Reusable shop towels, food service napkins and healthcare isolation gowns have a lower impact on the environment and performed better than disposal products in lifecycle assessments, according to research presented at TRSA’s Leadership & Legislative Conference.
The “cradle to grave” performance of the reusable items was superior to disposals in head-to-head comparisons involving acidification, eutrophication, ozone depletion, fossil fuel depletion and smog creation, according to the life cycle study conducted by engineering and scientific consulting firm Exponent.
Reusable napkins and shop towels were greener in most match-ups against disposable items. However, the results for napkins varied because the range in paper-making impact is large and reusables’ washing impacts are relevant, especially for heavier products, said Randall Wentsel, Exponent’s senior managing scientist who performed the research.
The study concluded bulkier goods, both paper and cloth, can have significant environmental impacts. However, reusables’ effects decrease when washings per napkins rise, the study said.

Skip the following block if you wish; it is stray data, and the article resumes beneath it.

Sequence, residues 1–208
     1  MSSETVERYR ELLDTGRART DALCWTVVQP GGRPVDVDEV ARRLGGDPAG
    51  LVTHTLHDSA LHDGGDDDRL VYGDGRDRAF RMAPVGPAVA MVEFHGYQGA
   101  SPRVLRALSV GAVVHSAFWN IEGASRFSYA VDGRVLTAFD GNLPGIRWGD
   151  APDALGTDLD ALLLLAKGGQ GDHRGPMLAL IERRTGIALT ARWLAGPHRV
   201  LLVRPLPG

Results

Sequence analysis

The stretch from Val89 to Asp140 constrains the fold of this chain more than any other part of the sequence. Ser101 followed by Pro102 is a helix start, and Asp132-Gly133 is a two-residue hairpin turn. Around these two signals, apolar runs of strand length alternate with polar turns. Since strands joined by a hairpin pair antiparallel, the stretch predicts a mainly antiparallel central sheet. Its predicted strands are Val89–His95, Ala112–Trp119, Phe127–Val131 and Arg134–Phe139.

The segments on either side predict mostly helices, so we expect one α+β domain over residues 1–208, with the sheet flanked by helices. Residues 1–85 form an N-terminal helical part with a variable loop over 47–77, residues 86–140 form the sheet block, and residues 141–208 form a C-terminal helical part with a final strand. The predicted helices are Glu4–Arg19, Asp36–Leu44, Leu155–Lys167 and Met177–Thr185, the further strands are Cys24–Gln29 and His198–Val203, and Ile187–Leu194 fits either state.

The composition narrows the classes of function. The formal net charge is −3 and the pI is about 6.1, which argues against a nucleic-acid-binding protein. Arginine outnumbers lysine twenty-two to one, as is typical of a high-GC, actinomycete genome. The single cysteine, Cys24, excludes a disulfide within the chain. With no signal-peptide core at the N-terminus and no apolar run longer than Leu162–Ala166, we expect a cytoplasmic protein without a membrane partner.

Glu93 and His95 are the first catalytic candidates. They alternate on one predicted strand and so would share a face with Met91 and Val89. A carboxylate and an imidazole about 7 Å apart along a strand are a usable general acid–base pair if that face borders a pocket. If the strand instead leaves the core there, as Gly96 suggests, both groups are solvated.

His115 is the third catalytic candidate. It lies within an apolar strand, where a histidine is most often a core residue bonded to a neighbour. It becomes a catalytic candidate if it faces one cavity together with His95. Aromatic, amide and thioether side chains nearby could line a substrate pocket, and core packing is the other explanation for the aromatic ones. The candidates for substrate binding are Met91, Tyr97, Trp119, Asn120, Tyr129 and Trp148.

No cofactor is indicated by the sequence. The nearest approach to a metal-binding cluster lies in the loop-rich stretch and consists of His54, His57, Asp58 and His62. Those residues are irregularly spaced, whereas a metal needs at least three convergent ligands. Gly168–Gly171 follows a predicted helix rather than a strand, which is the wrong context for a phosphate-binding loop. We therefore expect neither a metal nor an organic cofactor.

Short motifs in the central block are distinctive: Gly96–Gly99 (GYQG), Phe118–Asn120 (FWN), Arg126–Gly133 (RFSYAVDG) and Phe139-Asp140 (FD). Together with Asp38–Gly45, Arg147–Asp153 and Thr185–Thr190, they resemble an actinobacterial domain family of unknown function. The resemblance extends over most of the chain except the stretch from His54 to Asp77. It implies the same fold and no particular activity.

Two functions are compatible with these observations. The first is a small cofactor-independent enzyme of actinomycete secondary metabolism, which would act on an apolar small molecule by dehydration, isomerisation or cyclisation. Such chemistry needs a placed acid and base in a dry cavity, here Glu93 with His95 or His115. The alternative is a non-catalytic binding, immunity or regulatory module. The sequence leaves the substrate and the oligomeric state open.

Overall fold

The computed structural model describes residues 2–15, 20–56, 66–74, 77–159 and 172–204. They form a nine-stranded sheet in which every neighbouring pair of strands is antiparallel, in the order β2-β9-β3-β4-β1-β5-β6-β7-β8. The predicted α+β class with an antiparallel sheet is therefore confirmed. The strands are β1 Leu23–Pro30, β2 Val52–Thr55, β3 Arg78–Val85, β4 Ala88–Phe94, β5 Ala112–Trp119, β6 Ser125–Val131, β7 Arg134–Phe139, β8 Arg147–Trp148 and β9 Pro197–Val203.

The raw materials and manufacturing process for shop towels was the primary driver of the reusable product’s green performance. The impact of polyester from disposables is considerably larger than cotton production from reusables, said Wentsel. However, reusable shop towels didn’t fare as well in the eutrophication comparison. Reusables did perform better in scenarios involving heavyweight disposables and their associated landfilling burden.
The study was commissioned by textile services organization TRSA, which represents 98 percent of the industrial laundry facilities in the US, to provide a comprehensive profile of reusable textiles as the more sustainable choice for industrial, food service and healthcare businesses. Previous studies compared only the competing products’ solid-waste generation, said TRSA. A report on the study’s findings will be submitted shortly for critical peer review.
TRSA launched a Clean Green Certification program last year to recognize companies that meet its requirements for water and energy efficiency, including reusing, reclaiming and recycling resources. The Clean Green certification gives the industry’s customers third-party verification that its reusable textiles are laundered in an environmentally friendly manner, TRSA said.